But, on the other hand, if your site has many daily visits, each of those visits activates WPcron again. If in one minute you have ten hits, then WPcron will run ten times, which clearly it is completely useless, in addition to occupying unnecessary resources. If you have content with many visits per minute, you can already assume that so many PHP executions by WPcron are making your site slow.
How to disable WPcron (and how to replace it)
To disable WordPress native cron you must modify a text file called wp-config.php
This file should exist in the root of your site, and when you have a hosting provider that provides cPanel (like Duplika) it's very easy to edit.
supplementary note: if your hosting provider does not have cPanel, you must resort to an FTP access program, such as the free one filezilla.
Enter your cPanel (by typing cpanel.yourSite.com in your browser and logging in with your credentials) and locate the tool as we show you in the screenshot below:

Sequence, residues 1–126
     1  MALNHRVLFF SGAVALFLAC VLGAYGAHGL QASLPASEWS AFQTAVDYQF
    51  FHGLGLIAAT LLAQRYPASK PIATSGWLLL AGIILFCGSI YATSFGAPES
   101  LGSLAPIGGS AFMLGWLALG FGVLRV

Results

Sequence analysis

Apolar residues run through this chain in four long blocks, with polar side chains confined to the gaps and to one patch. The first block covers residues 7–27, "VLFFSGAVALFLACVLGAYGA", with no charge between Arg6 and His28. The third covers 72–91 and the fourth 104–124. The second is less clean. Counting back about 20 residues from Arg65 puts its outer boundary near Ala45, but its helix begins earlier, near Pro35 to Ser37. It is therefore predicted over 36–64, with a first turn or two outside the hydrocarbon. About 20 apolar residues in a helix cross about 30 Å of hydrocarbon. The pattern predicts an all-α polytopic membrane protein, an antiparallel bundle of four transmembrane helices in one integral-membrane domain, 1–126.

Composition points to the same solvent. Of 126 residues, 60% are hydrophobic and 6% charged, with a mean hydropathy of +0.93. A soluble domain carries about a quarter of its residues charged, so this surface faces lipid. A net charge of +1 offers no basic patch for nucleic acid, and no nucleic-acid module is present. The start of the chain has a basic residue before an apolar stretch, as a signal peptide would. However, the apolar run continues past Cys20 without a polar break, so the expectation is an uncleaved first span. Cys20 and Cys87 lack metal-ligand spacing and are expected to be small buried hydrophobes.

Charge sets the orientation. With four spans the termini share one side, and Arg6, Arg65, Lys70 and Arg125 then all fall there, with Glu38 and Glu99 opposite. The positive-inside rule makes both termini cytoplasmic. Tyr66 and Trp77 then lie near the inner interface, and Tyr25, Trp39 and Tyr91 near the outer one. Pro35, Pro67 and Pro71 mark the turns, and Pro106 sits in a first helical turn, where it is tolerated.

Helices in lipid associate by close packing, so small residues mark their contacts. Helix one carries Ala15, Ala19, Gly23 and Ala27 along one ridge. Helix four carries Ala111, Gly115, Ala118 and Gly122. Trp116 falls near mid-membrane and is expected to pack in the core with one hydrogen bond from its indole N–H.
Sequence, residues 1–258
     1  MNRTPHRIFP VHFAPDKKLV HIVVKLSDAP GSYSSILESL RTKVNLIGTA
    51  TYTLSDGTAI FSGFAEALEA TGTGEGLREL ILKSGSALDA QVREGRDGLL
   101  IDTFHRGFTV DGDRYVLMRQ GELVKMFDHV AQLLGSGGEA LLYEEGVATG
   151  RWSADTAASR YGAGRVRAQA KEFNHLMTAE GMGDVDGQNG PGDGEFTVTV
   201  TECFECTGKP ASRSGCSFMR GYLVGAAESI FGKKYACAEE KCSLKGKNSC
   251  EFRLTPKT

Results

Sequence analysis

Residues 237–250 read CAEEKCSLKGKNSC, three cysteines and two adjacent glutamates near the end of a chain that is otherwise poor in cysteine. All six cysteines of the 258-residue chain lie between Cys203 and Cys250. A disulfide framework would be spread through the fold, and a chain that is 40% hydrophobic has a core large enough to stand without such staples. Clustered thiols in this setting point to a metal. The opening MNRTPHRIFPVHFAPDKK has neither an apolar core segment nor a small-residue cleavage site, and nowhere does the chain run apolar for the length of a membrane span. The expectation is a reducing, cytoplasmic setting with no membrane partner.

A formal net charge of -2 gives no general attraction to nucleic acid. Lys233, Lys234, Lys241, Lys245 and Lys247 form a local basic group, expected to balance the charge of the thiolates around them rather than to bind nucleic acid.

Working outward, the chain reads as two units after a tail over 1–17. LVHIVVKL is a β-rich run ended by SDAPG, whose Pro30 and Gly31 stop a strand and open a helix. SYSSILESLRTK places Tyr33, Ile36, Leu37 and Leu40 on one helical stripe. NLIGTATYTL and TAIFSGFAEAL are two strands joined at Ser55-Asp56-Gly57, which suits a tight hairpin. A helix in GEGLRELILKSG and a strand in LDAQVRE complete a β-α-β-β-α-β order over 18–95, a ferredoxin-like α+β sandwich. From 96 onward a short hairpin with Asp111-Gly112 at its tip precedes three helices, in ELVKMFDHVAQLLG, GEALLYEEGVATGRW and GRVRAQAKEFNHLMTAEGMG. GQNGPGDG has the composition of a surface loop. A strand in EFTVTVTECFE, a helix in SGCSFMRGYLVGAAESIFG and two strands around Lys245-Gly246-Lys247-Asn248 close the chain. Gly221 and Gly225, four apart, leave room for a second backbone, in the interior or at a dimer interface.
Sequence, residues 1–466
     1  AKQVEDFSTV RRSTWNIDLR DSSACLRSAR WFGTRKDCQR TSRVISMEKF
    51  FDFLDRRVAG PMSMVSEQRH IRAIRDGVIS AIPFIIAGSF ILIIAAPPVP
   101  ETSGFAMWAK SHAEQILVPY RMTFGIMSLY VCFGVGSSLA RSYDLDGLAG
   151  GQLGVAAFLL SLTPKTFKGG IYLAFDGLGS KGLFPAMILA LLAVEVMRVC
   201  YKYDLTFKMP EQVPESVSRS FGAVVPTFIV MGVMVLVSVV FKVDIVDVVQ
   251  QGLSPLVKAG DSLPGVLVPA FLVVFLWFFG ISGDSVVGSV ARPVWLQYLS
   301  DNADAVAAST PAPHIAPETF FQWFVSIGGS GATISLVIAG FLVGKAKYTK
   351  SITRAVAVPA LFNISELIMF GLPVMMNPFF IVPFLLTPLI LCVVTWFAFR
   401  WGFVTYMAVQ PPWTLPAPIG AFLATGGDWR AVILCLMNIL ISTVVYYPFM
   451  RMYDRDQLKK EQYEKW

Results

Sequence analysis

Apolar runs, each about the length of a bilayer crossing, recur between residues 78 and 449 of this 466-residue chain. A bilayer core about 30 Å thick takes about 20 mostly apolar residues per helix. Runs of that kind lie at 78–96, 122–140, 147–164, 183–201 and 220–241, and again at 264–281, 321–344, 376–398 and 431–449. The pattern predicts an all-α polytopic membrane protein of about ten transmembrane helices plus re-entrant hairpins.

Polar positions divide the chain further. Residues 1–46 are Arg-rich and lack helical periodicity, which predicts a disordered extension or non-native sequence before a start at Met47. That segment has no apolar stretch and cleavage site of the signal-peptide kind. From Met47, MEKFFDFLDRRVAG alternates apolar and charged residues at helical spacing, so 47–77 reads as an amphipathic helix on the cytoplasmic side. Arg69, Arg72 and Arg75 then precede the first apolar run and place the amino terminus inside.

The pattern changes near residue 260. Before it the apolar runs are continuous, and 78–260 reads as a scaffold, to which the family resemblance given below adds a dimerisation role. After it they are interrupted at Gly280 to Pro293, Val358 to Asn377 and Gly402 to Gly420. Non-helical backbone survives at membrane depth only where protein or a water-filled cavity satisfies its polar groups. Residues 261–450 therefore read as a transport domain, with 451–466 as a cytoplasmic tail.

After clicking on the file manager, locate the mentioned file as indicated.
Once you select the file, the “Edit” option will light up in the top toolbar, like this:
After clicking on “Edit”, you will probably come across the following pop-up window:
The message alerts two issues: the first, that you should make a backup copy of the file in case something goes wrong. It's easy to do this beforehand by choosing "Download" instead of "Edit" within the top toolbar. If you want to make a backup of wp-config.php now, simply choose “Cancel” and, with the file in question still selected, press “Download” (screenshot below). Otherwise, ignore this step.